Search Images Maps Play YouTube News Gmail Drive More »
Sign in
Screen reader users: click this link for accessible mode. Accessible mode has the same essential features but works better with your reader.

Patents

  1. Advanced Patent Search
Publication numberUS3802987 A
Publication typeGrant
Publication dateApr 9, 1974
Filing dateMar 23, 1972
Priority dateMar 23, 1972
Publication numberUS 3802987 A, US 3802987A, US-A-3802987, US3802987 A, US3802987A
InventorsD Noll
Original AssigneeCorning Glass Works
Export CitationBiBTeX, EndNote, RefMan
External Links: USPTO, USPTO Assignment, Espacenet
Method of joining
US 3802987 A
Abstract  available in
Images(1)
Previous page
Next page
Claims  available in
Description  (OCR text may contain errors)

United States Patent [1 1 Noll Apr. 9, 1974 METHOD OF JOINING Prima Examiner--Alfred L. Leavitt t: DlA.NllC ,N.Y. W [75] Inven or a e o Ommg Assistant Examiner-CalebWeston [73] Assignee: Corning Glass Works, Corn ng, Attorney, Agent, or Firm-Clarence R. Patty, Jr.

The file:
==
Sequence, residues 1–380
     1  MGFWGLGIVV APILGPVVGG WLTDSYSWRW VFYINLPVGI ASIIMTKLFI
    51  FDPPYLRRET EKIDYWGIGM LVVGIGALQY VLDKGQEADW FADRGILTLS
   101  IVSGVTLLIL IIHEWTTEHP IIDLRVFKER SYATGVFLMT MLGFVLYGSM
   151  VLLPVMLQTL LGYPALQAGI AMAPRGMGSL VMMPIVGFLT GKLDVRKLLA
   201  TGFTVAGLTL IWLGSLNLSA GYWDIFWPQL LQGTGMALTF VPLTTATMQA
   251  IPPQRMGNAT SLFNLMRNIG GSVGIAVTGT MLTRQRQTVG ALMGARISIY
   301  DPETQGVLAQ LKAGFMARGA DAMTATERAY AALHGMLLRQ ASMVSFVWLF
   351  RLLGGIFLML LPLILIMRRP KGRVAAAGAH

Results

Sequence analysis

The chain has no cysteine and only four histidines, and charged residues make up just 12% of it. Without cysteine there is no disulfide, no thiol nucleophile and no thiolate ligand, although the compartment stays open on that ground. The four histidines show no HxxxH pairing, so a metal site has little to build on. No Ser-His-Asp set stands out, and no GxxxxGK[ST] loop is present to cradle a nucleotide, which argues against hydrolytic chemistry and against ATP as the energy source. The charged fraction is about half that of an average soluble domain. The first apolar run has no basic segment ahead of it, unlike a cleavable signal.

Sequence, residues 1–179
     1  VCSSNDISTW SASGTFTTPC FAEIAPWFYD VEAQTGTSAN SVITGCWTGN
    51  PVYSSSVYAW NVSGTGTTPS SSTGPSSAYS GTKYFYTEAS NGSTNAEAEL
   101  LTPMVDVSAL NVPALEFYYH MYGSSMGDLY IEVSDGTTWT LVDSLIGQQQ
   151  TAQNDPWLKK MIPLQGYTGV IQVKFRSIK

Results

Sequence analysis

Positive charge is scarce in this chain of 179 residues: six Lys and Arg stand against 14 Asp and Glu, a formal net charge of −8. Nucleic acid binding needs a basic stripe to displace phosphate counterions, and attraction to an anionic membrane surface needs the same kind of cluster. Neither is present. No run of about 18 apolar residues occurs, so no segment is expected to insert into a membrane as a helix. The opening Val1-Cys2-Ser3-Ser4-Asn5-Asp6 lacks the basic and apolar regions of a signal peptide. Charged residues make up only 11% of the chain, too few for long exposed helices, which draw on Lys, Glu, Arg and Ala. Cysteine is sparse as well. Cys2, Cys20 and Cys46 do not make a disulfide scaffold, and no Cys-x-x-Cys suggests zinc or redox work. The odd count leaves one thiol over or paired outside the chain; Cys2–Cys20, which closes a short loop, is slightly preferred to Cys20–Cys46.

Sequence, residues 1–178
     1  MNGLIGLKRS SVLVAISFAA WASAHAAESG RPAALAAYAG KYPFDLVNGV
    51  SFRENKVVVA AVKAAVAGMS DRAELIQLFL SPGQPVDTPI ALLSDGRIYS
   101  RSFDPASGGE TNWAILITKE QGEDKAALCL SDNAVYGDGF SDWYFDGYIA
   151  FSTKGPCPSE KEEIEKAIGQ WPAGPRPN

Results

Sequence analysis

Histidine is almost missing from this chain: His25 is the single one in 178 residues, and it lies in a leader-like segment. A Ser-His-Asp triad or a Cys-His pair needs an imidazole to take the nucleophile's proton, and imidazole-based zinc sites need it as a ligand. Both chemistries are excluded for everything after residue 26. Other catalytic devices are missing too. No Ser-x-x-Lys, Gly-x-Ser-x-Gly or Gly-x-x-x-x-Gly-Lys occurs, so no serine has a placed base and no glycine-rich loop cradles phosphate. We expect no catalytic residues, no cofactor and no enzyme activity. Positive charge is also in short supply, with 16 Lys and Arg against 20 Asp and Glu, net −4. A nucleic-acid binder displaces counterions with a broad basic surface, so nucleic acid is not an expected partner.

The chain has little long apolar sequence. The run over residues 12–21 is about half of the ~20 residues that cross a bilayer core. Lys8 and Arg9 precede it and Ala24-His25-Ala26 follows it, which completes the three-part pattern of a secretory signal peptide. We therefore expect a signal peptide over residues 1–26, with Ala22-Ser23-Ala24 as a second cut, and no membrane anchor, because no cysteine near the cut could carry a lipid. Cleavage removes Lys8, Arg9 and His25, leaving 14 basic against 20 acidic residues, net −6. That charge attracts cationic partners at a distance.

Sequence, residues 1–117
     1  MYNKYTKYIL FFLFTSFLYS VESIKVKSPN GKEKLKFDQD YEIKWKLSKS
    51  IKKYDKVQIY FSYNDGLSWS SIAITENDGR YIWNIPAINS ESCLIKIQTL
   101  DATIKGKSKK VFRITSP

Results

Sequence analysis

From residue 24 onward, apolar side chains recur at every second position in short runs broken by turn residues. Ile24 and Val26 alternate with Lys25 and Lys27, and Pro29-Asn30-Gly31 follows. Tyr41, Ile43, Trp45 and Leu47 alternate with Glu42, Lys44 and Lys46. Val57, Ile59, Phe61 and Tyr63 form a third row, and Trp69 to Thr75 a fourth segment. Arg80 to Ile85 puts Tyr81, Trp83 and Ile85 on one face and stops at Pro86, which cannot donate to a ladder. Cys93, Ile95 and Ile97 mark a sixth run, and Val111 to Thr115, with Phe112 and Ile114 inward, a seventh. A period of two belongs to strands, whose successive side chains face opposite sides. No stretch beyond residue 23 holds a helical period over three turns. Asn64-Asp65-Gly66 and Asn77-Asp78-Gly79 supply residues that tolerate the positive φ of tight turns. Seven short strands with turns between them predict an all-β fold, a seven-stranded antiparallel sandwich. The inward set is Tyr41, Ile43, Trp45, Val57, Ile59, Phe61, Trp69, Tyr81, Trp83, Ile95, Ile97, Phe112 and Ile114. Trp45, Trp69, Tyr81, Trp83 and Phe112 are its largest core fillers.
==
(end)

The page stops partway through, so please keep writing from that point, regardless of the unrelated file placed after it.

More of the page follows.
22 Filed: Mar. 23, 1972 [57] ABSTRACT I A method of protectively joining a succession of elon- [21] Appl' 237405 gate articles of a, frangible or otherwise damageable material that includes positioning these articles in a [52] U.S. C1 156/296, 53/3, 156/244, non-abutting parallel relationship and applying at least l56/289, 156/290, 206/65 R, 206/65 A, One thin continuous coat of hot flexible plastic-type 214/ 10.5 R, 214/ 10.5 S material over the succession of articles in a direction [51] Int. Cl B32b 7/06 normal to their longitudinal axes; th this am r [58] Field of Search 156/289, 290, 291, 296, movably h g, p g, to he r i le to 156/305; 53/3; 206/65 R, 65 A; 2l4/l0.5 R, thereby protectively join the articles. Bond release 10,5 5; 220/97 C, 97 E; 229/25 agents may be utilized, and if the joined articles are l stacked in rows, the streams also serve as partitioning [56] R f e Cited means between adjacent rows. Modifications include UNITED STATES PATENTS the uses of substrate member and/or intermittent 3,342,659 9/1967 Baum et al 156/296 streams of plasnc'type mammal 3,263,830 8/1966 Anderson 214/105 R 10 Claims, 5 Drawing Figures METHOD OF JOINING BACKGROUND OF THE INVENTION 1. Field of the Invention This invention relates to a method of joining a plurality of elongated articles. More specifically, it pertains to an economical and novel method for protectively joining a succession of elongate articles of a frangible or otherwise damageable material having straight longitudinal axes, and for the handling thereof as in storing or shipping.